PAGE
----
The park has a record of 381 species of marine fish, 11 species of whales and dolphins, and 4 sea lions. In the second half of the year it is possible to see humpback whales, despite the possible rains.

Where to stay in Gorgona National Natural Park

Gorgona natural national park offers simple accommodation for travelers. In addition, the island has the beautiful Hotel Parque Nacional Gorgona, where you can enjoy wonderful facilities and an afternoon swim at a pool.

Best time to visit Gorgona National Natural Park

The climate on Gorgona Island is tropical maritime super-humid. Air temperature is generally above 26°C while relative humidity reaches 90% saturation. Average monthly precipitation ranges between 180 mm to 400 mm during the “dry” season (January-March) and between 550 mm to 750 mm during the “rainy” season (April-December).

Gorgona Island can be visited all year round, there is no dry season but the months with less rainfall are February and March. 

Gorgona National Natural Park Entrance fees

The entrance fee varies depending on the nationality and age of the visitors. These are the entrance fees for 2021:

  • Colombians, resident foreigners and tourists from Bolivia, Ecuador and Peru (ages 5 to 25): COP 13,500 (approx.USD 4)
  • Colombians, resident foreigners and tourists from Bolivia, Ecuador and Peru (over 25 years old): COP 22,000 (approx.USD 7)
  • Non-resident foreigners (over 5 years old): COP 53,000 (approx.USD 17)
  • Children under 5 years old and Colombians over 65 years old have free entrance presenting their IDs.

What to consider before visiting Gorgona National Natural Park

  • To take any of the tours inside the sanctuary you must hire an authorized and certified guide.
  • Gorgona is one of the mating, breeding and feeding sites of the humpback whale. For this reason observing whales must be done under supervision of authorized guides;
  • Consider wearing personal protective items (sun blocker, sunglasses, towel, insect repellent, and hat).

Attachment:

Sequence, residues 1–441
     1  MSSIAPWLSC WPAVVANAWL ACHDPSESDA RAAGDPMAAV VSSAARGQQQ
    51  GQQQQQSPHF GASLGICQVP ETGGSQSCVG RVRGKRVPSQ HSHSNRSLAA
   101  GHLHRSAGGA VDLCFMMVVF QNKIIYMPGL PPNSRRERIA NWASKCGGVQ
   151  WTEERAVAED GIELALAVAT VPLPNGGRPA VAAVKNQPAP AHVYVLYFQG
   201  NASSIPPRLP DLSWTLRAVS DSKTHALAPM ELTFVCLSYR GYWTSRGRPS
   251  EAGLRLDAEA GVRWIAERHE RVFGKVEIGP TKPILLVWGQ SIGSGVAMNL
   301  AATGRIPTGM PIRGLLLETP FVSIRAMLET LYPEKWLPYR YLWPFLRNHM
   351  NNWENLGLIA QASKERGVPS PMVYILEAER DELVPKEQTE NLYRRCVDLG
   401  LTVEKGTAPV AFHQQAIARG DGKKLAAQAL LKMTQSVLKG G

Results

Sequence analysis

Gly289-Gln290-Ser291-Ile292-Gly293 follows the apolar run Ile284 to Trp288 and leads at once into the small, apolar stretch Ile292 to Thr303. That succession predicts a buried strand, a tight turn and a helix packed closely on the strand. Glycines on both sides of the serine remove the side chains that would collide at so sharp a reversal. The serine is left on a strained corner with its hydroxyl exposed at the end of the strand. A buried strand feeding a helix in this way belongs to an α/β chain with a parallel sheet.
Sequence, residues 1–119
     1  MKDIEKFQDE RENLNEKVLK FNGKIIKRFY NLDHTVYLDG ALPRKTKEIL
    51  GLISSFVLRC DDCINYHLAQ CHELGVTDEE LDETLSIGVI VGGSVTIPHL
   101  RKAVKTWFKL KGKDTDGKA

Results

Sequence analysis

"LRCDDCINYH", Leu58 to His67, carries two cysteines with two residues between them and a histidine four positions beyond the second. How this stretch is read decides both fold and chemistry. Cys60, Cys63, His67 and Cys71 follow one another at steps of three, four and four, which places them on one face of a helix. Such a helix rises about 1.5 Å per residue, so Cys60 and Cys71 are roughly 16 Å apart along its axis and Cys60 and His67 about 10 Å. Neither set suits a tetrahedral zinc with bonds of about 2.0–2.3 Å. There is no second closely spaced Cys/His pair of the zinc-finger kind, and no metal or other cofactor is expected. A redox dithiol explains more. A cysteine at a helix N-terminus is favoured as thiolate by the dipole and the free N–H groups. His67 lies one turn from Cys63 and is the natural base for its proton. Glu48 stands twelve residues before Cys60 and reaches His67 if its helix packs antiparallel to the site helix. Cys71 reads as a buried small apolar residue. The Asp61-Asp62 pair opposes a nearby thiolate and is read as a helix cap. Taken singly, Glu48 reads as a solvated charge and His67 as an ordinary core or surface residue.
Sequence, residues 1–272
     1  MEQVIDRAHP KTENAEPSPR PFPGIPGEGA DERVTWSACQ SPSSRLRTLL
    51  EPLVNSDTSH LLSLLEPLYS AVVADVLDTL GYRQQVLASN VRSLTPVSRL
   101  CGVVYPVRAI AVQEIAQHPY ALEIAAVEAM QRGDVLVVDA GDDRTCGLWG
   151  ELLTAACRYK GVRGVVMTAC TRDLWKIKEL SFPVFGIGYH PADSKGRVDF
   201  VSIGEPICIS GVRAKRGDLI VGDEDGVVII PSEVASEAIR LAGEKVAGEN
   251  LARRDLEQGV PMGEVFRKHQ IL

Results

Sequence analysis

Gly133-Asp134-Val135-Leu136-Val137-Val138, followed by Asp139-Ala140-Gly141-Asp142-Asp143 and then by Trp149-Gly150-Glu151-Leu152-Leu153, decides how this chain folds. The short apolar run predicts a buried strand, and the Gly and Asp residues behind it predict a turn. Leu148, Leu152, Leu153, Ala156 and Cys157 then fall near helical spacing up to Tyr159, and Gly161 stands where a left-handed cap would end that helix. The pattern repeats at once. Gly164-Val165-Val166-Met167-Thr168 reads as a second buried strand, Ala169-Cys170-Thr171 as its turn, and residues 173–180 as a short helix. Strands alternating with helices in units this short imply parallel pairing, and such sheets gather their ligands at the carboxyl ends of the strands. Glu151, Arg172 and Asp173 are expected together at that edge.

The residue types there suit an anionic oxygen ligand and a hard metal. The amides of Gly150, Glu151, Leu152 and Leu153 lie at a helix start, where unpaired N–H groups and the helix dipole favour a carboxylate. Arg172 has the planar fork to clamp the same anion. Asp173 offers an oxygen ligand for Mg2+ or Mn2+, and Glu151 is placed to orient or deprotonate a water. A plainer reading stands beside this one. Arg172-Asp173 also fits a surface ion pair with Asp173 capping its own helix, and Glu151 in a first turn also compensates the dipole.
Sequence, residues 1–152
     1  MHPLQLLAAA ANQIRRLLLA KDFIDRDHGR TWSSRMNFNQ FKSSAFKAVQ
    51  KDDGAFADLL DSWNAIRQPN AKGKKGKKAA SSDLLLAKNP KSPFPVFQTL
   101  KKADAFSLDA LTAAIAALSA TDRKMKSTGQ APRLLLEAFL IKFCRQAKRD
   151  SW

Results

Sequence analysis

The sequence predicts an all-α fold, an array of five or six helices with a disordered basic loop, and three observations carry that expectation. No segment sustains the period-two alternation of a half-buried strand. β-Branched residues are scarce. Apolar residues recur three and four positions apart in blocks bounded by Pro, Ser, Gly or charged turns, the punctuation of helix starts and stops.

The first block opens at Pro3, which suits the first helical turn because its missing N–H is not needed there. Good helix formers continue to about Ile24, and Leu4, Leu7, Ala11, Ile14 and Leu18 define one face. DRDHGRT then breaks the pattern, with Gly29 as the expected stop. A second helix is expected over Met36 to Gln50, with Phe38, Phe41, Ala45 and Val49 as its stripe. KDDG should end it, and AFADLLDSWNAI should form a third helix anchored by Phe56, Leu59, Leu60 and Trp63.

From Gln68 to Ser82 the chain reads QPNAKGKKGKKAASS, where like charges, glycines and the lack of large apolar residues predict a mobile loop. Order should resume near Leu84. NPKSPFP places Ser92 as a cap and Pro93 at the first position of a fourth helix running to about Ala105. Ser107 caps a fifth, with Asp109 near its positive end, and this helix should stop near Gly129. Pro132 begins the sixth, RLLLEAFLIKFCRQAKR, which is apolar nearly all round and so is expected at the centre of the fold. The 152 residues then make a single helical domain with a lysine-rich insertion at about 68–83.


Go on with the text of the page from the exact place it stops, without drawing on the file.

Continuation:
• The use of flash when taking photographs is prohibited.
  • Recommended the use of binoculars to admire animals’ behavior and beauty in their natural habitat.
  • Carry valid identity documents and health insurance. It is recommended to be vaccinated against yellow fever and tetanus.
  • If you take specific medications, take them with you a personal first aid kit.

Some prohibitions

Feeding, bothering or hunting animals, alcoholic drinks and drugs, throwing cigarette butts, burning garbage, felling, and capturing wildlife.

About the authors

Luisa Martin

Engineer, world traveler, amateur photographer, traveling blogger, and foody.

Sara Colmenares

The current director of Sula. Doctor in Biological Sciences. Her main interests are to explore and understand the organism–environment interactions, taking advantage of emerging knowledge for the management and conservation of species and ecosystem services. She is currently working as a consultant in functional ecology, ecosystem services, and conservation projects in Colombia related to ecotourism and birdwatching.

When and Where to Go to See Humpback Whales in Colombia 

The second half of the year is the best time to see whales in Colombia. Here you can witness an astonishing show sponsored by nature: the migration of humpback whales from cold Antarctica to the waters of its Pacific coast. 

Whale watching in Colombia is one of the greatest experiences nature travelers can live. Plus, the kind people, the tasty food and the breathtaking landscapes of this biodiverse country make your trip to Colombia an unparalleled adventure.

In this post, we will tell you where to see whales in Colombia, how you get to those destinations and what you can do there, the best season for whale watching and some recommendations for your whale watching trip. 

Whale Watching Season in Colombia 

During the second half of the year, large groups of Humpback whales (Megaptera novaeangliae) migrate from Antarctica and Southern Chile during the winter to the warm waters of the northern Pacific Ocean to mate, give birth and raise its calves.

The route is about 8,000 km.  Although the whale migration to Colombian waters occurs from late June to November, it is more likely to see the whales from July and October.  

The humpback whale (Megaptera novaeangliae), Bahía Solano, Chocó

Humpback whales have robust bodies, large flippers, and many irregular fleshy knobs. They are almost entirely black, with some white spots.